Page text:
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A comparison of two treatments for childhood apraxia of speech: methods and treatment protocol for a parallel group randomised control trial

Elizabeth Murray*, Patricia McCabe and Kirrie J Ballard

Author Affiliations

Speech Pathology, Faculty of Health Sciences, The University of Sydney, PO Box 170, Lidcombe, 1825, Sydney, Australia

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BMC Pediatrics 2012, 12:112  doi:10.1186/1471-2431-12-112

Published: 3 August 2012



Childhood Apraxia of Speech is an impairment of speech motor planning that manifests as difficulty producing the sounds (articulation) and melody (prosody) of speech. These difficulties may persist through life and are detrimental to academic, social, and vocational development. A number of published single subject and case series studies of speech treatments are available. There are currently no randomised control trials or other well designed group trials available to guide clinical practice.


A parallel group, fixed size randomised control trial will be conducted in Sydney, Australia to determine the efficacy of two treatments for Childhood Apraxia of Speech: 1) Rapid Syllable Transition Treatment and the 2) Nuffield Dyspraxia Programme – Third edition. Eligible children will be English speaking, aged 4–12 years with a diagnosis of suspected CAS, normal or adjusted hearing and vision, and no comprehension difficulties or other developmental diagnoses. At least 20 children will be randomised to receive one of the two treatments in parallel. Treatments will be delivered by trained and supervised speech pathology clinicians using operationalised manuals. Treatment will be administered in 1-hour sessions, 4 times per week for 3 weeks. The primary outcomes are speech sound and prosodic accuracy on a customised 292 item probe and the Diagnostic Evaluation of Articulation and Phonology inconsistency subtest administered prior to treatment and 1 week, 1 month and 4 months post-treatment. All post assessments will be completed by blinded assessors. Our hypotheses are: 1) treatment effects at 1 week post will be similar for both treatments, 2) maintenance of treatment effects at 1 and 4 months post will be greater for Rapid Syllable Transition Treatment than Nuffield Dyspraxia Programme treatment, and 3) generalisation of treatment effects to untrained related speech behaviours will be greater for Rapid Syllable Transition Treatment than Nuffield Dyspraxia Programme treatment. This protocol was approved by the Human Research Ethics Committee, University of Sydney (#12924).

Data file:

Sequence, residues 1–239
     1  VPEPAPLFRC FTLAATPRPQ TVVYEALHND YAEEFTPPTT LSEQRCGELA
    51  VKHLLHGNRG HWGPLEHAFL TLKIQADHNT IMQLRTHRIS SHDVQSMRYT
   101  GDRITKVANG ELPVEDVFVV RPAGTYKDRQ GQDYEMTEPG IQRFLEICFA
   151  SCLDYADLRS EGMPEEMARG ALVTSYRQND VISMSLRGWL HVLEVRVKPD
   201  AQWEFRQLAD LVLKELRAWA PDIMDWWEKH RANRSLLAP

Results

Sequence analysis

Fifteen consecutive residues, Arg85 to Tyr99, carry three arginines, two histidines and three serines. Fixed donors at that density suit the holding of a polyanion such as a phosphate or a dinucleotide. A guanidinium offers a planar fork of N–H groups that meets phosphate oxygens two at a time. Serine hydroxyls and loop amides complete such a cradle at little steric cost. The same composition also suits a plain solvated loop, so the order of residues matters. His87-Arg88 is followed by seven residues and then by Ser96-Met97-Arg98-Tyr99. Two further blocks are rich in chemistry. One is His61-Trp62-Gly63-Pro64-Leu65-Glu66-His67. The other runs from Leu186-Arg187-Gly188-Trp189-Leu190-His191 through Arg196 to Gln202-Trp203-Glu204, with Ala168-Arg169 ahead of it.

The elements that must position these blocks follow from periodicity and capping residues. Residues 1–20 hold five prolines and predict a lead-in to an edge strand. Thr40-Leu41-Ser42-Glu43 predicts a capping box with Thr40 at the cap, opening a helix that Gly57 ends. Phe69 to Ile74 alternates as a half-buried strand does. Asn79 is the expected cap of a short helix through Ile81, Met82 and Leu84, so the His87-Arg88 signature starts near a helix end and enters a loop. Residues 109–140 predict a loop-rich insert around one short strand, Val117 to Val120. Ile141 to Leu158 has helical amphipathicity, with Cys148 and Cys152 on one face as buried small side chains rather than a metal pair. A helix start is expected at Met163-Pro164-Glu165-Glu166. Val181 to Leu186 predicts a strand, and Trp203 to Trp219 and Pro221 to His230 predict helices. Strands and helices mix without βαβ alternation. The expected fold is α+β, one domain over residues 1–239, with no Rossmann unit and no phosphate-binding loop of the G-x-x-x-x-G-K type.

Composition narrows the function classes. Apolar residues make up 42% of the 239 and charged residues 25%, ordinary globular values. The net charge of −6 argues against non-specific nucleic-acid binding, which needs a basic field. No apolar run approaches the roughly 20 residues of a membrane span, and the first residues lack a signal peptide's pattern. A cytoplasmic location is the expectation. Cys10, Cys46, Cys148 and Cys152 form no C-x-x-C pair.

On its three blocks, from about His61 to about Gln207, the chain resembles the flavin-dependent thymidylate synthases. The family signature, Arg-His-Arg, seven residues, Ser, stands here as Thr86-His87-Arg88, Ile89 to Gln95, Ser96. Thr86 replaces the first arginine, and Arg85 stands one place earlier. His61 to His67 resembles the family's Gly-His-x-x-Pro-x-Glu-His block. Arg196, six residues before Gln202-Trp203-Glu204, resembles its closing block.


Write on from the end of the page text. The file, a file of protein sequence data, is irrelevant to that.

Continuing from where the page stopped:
This will be the first randomised control trial to test treatment for CAS. It will be valuable for clinical decision-making and providing evidence-based services for children with CAS.

Trial Registration

Australian New Zealand Clinical Trials Registry: ACTRN12612000744853

Childhood apraxia of speech; Treatment; Effectiveness; Randomised control trial; Intervention; Rapid syllable transition treatment; Nuffield dyspraxia programme